Senate Dems renew call for filibuster reform


Sens. Jeff MerkleyJeff MerkleySanders warns Clinton: Don't rush to compromise with GOP Overnight Healthcare: Top ObamaCare lobbyists reject 'public option' push | Groups sound alarm over Medicare premium hike Top ObamaCare lobbyists reject 'public option' push MORE (D-Ore.) and Tom UdallTom UdallCourt ruling could be game changer for Dems in Nevada Tensions rise over judicial nominees Dem senator wants to change nomination rules amid Garland fight MORE (D-N.M.) renewed their call for filibuster rule reforms Wednesday.

“This situation in which the Senate Minority undermines executive judicial branches is unacceptable,” Merkley said on the Senate floor. “The Senate must act to restore its traditional role. … We have to do by rule what has not been done by simple cooperation.”

Merkley and Udall have urged Senate Majority Leader Harry ReidHarry ReidFive takeaways from New Hampshire Senate debate Democrats pounce on Cruz's Supreme Court comments Senate Democratic super PAC sets fundraising record MORE (D-Nev.) to use the “nuclear option” — a rare move to change the Senate rules through a simple-majority vote.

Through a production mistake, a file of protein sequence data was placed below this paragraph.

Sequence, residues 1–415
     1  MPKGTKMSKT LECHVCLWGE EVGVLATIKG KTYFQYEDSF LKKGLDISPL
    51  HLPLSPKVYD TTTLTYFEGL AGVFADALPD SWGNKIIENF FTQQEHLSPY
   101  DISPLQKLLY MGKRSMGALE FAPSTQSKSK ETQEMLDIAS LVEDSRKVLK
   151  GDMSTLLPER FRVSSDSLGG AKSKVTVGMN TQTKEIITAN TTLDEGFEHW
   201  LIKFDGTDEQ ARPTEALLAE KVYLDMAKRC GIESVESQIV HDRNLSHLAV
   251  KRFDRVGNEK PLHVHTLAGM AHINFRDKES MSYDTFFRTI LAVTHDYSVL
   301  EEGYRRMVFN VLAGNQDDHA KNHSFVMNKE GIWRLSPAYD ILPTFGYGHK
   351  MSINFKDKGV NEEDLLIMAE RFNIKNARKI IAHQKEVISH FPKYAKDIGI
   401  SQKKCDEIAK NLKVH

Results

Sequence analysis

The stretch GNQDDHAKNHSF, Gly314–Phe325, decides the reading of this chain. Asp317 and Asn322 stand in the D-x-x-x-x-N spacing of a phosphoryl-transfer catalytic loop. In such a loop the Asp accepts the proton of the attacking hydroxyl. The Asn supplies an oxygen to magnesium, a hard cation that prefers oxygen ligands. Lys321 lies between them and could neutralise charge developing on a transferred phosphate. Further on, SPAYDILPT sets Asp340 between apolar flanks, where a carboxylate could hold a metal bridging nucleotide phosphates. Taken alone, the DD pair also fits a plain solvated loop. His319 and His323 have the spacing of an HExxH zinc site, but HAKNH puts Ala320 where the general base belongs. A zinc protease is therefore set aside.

On Monday, Republicans filibustered President Obama’s third judicial nominees to the D.C. District Court.

Republicans have blocked up-or-down votes on Robert Wilkins, Cornelia Pillard and Patricia Millett. And Caitlin Halligan withdrew her nomination because of GOP threats to block her confirmation. GOP senators said it wasn’t because the judicial nominees weren’t qualified but because the D.C. Circuit Court has a low caseload and doesn’t need additional judges despite the fact that there are three vacancies on the court.

Earlier this year, lawmakers avoided the “nuclear” face off when Republicans vowed to only block nominees in “extraordinary circumstances.” But Democrats say the GOP has reneged on that agreement. 

“The only extraordinary circumstance has been continual obstruction,” Udall said. “A minority in the Senate should not be allowed to block nominees.”

Republicans have warned Democrats not to change the filibuster rules because it would set a precedent that would allow the GOP to do the same thing if it becomes the majority party in the Senate.